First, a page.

The Milky Way Woman, and Poetry to Navigate Love and Suicide: Ronda Miller

11225999_10204626047072760_6405884939243296052_nNovember of 2010 found me touring the state of Kansas with our then poet laureate, Caryn Mirriam-Goldberg, and several other poets from around the state. The objective was to save the arts, especially poetry, in Kansas, and to take poetry to all corners of the state. I’d written a poem about my Mother’s suicide a couple of years previously. That in and of itself was huge as she died when I was three and at 55 I was finally able to begin talking about her.

Our group of poets had been given an extremely warm welcome throughout the small communities in which we read. Garden City was especially welcoming. Poets often outnumbered their audience, so we were surprised to find ourselves reading at a lovely old theater that had numerous seats filled with enthusiast audience members. I was nervous since I was a relative newbie and could count the readings I had done previously on one hand.

10622328_10202616472794659_1329351779_nIt wasn’t until that night in Garden City that I realized I would read the poem I had written about my Mother’s suicide, “The Milky Way Woman.” As I stood on the theater stage, I remembered that it was National Suicide Prevention Day, so I explained to the audience that I expect a lot from my coaching clients. The majority of them have lost someone to homicide. I give them challenges and expect them to talk about hard topics and emotions.

I began to read my poem out loud for the first time. A most unusual thing happened as I spoke the words. My voice became louder, more powerful, and I stood taller, felt lighter. Several people came up to me following my reading to give me a hug and to share a personal story of their own losses. Words: they take us across the state of Kansas, perhaps across the Universe. The following is the poem I read that evening.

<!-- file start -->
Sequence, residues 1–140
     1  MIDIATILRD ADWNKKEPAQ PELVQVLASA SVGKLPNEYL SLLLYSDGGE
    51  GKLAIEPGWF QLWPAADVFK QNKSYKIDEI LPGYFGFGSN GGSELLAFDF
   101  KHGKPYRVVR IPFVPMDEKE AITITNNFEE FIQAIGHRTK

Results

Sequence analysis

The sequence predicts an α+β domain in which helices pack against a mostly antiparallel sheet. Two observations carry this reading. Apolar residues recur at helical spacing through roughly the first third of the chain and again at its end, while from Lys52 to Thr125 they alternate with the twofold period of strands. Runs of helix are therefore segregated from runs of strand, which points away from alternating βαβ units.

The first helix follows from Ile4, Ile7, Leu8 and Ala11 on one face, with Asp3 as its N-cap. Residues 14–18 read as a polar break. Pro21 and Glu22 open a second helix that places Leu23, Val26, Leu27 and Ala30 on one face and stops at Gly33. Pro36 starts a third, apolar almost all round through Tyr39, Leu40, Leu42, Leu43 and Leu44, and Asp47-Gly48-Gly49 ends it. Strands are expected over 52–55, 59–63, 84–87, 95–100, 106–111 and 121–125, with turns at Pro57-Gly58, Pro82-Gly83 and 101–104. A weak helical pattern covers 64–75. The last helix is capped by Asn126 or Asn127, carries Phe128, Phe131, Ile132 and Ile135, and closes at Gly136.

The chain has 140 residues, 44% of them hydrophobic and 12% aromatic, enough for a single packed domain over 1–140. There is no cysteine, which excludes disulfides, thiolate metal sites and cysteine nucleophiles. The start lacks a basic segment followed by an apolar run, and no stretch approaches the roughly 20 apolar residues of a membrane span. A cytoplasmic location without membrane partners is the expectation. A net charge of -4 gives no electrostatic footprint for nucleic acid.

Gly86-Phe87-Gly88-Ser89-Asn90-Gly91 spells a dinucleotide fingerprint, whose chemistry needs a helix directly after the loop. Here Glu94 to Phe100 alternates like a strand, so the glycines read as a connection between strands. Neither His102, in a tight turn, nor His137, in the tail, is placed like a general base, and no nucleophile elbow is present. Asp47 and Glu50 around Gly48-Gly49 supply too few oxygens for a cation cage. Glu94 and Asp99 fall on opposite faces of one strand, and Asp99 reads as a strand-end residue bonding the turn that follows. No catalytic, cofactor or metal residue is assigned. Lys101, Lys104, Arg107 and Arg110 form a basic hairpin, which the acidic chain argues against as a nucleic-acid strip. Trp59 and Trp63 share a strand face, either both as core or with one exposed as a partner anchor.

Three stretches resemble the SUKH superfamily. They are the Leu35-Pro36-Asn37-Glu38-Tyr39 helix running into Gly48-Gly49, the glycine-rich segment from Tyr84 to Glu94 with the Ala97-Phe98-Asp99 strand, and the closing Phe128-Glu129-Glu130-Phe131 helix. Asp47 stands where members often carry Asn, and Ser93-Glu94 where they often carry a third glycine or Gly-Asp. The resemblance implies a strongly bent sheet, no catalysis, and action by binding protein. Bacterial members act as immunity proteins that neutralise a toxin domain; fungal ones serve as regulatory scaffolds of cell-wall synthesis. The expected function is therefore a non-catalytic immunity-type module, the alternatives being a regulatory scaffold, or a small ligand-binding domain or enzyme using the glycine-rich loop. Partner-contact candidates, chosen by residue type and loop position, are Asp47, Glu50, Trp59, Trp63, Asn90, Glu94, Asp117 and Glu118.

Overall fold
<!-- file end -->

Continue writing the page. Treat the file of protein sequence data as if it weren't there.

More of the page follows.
The Milky Way Woman

Ronda's mother

Ronda’s mother

When I was three
and you sent me out
to play in the snow
while you put a bullet
through your heart,
I did not cry.
I curled into a ball
and closed my eyes.
That night when Daddy
came and said,
“Look up into the sky,
you’ll see your mommy’s
face in the stars,”
I did not look.
I did not want to see
your face so far away
and so small.
But now I’m grown,
with children of my own,
I want to stand on the edge
of the Milky Way with you
hand in hand,
When The Milky Way Woman
gives the command,
you and I will make
that leap together.
Wait for me.

Ronda Miller is a life coach who specializes in coaching those who have lost someone to homicide. Her body of work includes two books of poetry, Going Home: Poems from My Life and MoonStain (Meadowlark Books in 2015) a poetry CD, “View from Smoky Hill: It’s Kansas!” and a documentary, “The 150th Reride of The Pony Express.”  Her novel, Girl Who Lives in a Glass Bowl, and memoir, Gun Memories of The Stone Eyed Cold Girl, should be released in 2016. She is district 2 President of Kansas Authors Club, previous KAC state poetry contest manager, 2011 – 2015, and state VP of KAC as of 2015.